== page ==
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All the latest news for auto recyclers

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We must defend this part of our business

used tyres
We have a fight on our hands when it comes to part worn tyres and we have to win.
We mentioned a couple of issues ago the pressure we are under from new tyre manufacturers who would like to see used tyre sales banned. Training and certification is our route to maintaining this revenue source.


The manufacturers of new tyres, particularly ‘premium’ brands, continue to campaign heavily against the sale of part worn tyres (PWTs). We feel that this is a very important issue for members as part worns represent a significant revenue source, whilst at the same time helping to save motorists a lot of money, many of whom are struggling to make ends meet in the current economic climate.

The only way we can demonstrate that the tyres sold by our industry are safe is to show that we take the issue of safety seriously and that staff are trained to a professional level to recognise potential pitfalls. Let’s face it, if an unsafe tyre is sold it isn’t the tyre at fault, it’s the operator who hasn’t checked it correctly. To combat this threat from the tyre industry we must be able to demonstrate that we know what we’re doing and we do it in a safe and professional manner.

To demonstrate just how serious this issue is becoming, a reader told me earlier in the week that recently, a customer bought a used tyre from him and two tyre fitting firms refused to fit it as it was secondhand. I must stress, there was nothing wrong with the tyre - just that it was second hand.

The Motor Vehicle Dismantlers’ Association have been worried about this issue for a while as the majority of members sell second hand tyres. They recognise that the only way to prevent things going against the industry is to ensure that those members selling and fitting part worns know just what they’re doing and what makes a tyre unsafe for re-use.

To achieve this MVDA enlisted the help of Profit From Training Partnership who had previously organised tyre training for members. This has been updated and is now IMI accredited. This is a comprehensive course which covers everything you need to know about selling PWTs. Upon completion trainees receive a certificate that should help show customers (and your local Trading Standards) that you are a responsible business and you know how to tell a good tyre from a bad one. Remember, this is a nationally recognised qualification.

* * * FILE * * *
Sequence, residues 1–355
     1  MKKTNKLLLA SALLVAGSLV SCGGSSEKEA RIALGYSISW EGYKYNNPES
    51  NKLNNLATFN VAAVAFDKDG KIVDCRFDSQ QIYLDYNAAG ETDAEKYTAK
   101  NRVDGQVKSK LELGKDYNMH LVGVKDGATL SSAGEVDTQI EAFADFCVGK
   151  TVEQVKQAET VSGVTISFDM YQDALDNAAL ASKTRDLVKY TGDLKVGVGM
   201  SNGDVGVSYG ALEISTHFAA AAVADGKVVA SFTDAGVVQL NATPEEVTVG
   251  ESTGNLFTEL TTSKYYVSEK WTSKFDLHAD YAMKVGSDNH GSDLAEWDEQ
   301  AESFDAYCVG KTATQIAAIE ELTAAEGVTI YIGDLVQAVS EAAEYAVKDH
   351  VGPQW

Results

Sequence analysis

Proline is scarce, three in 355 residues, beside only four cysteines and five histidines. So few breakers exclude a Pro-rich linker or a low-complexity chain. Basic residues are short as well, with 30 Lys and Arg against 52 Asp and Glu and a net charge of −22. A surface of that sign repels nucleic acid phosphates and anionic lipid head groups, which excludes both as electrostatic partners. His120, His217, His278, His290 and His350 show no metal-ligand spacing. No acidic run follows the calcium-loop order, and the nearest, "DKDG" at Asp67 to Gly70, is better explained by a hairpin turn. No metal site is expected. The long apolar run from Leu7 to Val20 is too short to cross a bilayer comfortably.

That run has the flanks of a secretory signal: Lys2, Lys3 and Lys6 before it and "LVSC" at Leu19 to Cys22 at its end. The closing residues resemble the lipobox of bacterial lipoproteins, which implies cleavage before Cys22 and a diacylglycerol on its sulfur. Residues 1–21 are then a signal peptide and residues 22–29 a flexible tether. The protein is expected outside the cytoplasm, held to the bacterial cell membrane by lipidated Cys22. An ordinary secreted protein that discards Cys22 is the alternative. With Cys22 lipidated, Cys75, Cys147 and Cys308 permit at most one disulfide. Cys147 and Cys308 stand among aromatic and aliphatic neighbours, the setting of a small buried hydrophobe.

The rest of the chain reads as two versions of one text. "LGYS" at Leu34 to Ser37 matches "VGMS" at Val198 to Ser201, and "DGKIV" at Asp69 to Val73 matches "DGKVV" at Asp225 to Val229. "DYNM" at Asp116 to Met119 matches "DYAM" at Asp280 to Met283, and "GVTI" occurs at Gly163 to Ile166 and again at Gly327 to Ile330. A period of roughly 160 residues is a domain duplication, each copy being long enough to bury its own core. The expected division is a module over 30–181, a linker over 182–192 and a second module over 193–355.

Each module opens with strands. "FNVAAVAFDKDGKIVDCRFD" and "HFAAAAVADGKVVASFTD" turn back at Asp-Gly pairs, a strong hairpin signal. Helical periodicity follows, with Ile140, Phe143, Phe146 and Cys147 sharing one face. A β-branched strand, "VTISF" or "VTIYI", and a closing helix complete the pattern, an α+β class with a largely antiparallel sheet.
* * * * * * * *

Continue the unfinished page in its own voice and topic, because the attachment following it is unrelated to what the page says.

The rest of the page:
What the course covers
The Part Worn Tyre course is 1 day in duration and aimed at companies and individuals who have a responsibility for the sale of part worn tyres. A working knowledge of tyre fitting is an advantage but not essential for this course. Successful candidates will receive an MVDA Approved Training Course Certificate. The day consists of a half day classroom based theory session and a half day workshop practice session.

Course Content - Theoretical
  • Part Worn Tyre Legislation
  • Light Vehicle Tyre construction identification
  • Light Vehicle Tyre sidewall markings
  • Statutory requirements for part worn tyres
  • Construction & Use regulations
  • Limits of wear and serviceability
  • Fault identification methods
  • Tyre and inner tube repair to BSAU 159f
  • Tyre storage recommendations

Course Content - Practical
  • Tyre inspection and fault reporting
  • Safe wheel balancing
  • Safe tyre removal
  • Safe tubeless tyre repairs

The training can take place at your site and costs £600+Vat for up to 6 attendees. There is also a £40 per person registration fee Travel expenses may be added depending on the location of training. To book a course or find out more, contact Sharon Burbidge at Profit for Training on 02476 325880 or email Sharon here.

If you are an MVDA member then you are entitled to a discount so don’t forget to mention it. Here at atfPro we are big believers in the benefit to our industry by having a strong trade body. Click here to find out more about MVDA or email them to find out how membership will benefit you.


Latest stories

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It seems that there are some questions surrounding the purchasing of vehicles by other European countries, in particular Cat B vehicles. One of our readers asked us the following:
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Palladium cost has increased, hitting a 16 year high
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The pressure’s on for tyres!
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Volvo to go electric by 2019
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One has to be concerned when the insurer’s new Code of Practice (CoP) that received its “soft launch” a week or so back isn’t supported by either the Motor Vehicle Dismantlers’ Association or the British Vehicle Salvage Federation, two of the main owners of the pre-existing code.